Mumbai: The Bombay High Court Thursday asked municipal bodies in Maharashtra to file separate affidavits within six weeks enumerating what steps were taken to prevent the spread of diseases like dengue, malaria, swine flu, gastroenteritis and chicken gunya in their respective areas.
The direction was given by a bench headed by Chief Justice Mohit Shah on a PIL filed by activist Vishnu Gavali.
Earlier, the HC had given a similar direction to 23 municipal bodies regarding dengue. Of these, only four civic bodies filed affidavits.
Today, the HC bench expanded the scope of PIL to cover diseases other than dengue such as swine flu, malaria, gastro and chicken gunya.
On a petitioner's plea, the HC bench directed the civic bodies to launch a cleanliness drive by roping in children, NGOs and home guards.
In a related development, Kolhapur Municipal body filed an affidavit stating that 518 patients had been admitted in hospitals for treatment of gastroenteritis and 68 had contracted dengue, of whom one died. It also said that low- cost treatment was provided to them.
Among the civic bodies asked to furnish information through affidavits by April 26 are Municipal Corporations of Mumbai, Navi Mumbai, Solapur, Ratnagiri, Pune, Sindhudurg, Miraj, Pimpri-Chinchward, Dhule, Ulhasnagar, Thane, Nashik Vasai-Virar, Mira-Bhayander, and Kalyan-Dombivali.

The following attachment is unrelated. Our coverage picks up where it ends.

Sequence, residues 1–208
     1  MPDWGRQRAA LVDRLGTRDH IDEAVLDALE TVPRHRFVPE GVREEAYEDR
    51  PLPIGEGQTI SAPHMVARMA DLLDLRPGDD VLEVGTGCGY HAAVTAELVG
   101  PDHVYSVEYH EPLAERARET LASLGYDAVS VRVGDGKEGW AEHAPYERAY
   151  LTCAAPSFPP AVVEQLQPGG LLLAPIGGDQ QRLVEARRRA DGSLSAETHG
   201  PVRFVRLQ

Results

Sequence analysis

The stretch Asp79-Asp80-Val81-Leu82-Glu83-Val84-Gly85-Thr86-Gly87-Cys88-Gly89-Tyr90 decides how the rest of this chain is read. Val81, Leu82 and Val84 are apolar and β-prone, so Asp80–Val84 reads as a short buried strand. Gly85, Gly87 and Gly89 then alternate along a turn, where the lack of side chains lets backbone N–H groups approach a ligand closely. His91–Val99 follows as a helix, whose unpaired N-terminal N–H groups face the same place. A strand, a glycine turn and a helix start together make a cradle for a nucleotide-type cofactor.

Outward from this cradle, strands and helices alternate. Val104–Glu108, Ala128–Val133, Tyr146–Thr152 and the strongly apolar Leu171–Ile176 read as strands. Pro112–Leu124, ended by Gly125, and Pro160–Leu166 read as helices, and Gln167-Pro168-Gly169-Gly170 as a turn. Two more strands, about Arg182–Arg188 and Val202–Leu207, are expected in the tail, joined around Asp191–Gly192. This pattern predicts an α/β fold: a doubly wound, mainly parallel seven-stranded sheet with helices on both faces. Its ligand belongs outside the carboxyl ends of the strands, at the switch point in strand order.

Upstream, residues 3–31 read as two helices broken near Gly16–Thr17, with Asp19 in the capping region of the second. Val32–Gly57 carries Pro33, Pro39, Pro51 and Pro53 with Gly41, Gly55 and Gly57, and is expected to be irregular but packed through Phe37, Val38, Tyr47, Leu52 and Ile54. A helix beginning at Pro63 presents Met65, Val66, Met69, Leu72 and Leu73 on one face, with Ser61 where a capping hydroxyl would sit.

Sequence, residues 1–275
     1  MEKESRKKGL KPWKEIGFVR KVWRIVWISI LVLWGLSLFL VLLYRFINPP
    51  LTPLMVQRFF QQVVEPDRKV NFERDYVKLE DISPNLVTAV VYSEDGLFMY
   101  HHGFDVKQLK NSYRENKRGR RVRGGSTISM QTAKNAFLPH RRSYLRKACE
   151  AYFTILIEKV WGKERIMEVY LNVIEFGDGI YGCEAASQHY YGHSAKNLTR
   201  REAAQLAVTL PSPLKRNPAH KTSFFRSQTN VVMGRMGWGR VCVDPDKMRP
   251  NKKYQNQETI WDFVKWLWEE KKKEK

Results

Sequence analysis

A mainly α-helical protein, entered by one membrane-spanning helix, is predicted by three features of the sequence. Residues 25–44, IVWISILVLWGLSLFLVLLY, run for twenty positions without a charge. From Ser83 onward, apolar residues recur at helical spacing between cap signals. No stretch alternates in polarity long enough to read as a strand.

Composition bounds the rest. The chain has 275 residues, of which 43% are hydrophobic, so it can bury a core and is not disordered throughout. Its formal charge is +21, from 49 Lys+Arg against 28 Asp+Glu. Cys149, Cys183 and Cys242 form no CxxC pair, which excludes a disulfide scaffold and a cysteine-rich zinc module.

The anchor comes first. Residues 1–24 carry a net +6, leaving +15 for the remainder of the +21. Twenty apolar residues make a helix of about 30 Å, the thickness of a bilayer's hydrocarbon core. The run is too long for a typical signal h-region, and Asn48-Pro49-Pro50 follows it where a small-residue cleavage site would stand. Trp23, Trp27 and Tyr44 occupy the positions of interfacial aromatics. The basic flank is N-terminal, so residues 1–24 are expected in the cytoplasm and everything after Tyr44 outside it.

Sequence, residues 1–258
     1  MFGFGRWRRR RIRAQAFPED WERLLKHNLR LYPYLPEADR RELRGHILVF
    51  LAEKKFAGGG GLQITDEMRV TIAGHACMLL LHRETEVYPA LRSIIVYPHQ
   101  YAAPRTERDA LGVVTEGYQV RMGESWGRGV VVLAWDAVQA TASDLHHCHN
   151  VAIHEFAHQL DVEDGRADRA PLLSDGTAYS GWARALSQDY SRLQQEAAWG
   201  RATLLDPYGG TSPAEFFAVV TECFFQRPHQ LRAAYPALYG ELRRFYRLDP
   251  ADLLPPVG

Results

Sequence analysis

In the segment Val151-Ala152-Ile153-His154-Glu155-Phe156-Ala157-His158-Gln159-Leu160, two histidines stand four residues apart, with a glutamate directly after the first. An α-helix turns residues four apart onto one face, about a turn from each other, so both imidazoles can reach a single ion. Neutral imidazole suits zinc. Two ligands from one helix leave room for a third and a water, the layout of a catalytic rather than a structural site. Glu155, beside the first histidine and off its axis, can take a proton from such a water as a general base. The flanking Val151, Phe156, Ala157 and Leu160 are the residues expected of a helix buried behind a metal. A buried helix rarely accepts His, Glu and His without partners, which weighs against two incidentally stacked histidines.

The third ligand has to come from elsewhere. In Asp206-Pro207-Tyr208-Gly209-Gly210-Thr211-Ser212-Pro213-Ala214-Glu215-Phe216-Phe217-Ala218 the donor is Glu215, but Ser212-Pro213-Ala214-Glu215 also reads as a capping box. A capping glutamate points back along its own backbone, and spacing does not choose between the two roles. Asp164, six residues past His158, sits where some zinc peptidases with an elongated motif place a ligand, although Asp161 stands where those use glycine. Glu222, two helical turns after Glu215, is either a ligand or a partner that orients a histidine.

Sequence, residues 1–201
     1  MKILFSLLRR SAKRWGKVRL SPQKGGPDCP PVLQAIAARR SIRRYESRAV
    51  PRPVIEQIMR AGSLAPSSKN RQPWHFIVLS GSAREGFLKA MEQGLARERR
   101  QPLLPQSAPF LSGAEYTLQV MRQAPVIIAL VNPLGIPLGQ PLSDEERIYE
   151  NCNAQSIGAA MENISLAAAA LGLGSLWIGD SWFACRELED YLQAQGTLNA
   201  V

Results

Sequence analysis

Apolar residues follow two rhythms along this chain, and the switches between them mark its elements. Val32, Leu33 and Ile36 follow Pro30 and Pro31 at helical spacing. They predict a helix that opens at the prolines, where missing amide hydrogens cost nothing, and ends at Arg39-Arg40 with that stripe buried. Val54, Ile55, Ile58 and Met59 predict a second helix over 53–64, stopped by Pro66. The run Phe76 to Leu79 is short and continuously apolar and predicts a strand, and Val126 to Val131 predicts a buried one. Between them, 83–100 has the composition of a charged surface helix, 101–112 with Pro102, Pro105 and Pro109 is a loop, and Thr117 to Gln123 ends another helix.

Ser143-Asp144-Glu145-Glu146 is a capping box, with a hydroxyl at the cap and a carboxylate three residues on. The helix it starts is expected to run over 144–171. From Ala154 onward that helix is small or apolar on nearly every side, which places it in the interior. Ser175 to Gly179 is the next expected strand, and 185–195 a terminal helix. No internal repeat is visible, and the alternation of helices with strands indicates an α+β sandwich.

Claiming that human lives were lost in the state due to the disease caused by mosquito-borne virus, the petitioner sought urgent measures by authorities to check its spread.
At an earlier hearing, the government said there was no need to panic as Dengue was not contagious and said steps were being taken to stop breeding of mosquitoes in stagnant water.
The PIL said that recently several deaths occurred due to dengue and malaria, creating an "epidemic-like" situation. It alleged that deaths occurred due to lapses by government in providing medical facilities and prayed that authorities be directed to take immediate preventive steps.
"The state hospitals and semi-government hospitals, including the Directorate of Health, should not play with the life of the common man and no one should die for want of medical services and health care facilities," said the PIL.
It alleged that medical facilities provided at the government hospitals were not adequate and patients often had to approach private hospitals which charged exorbitant fees.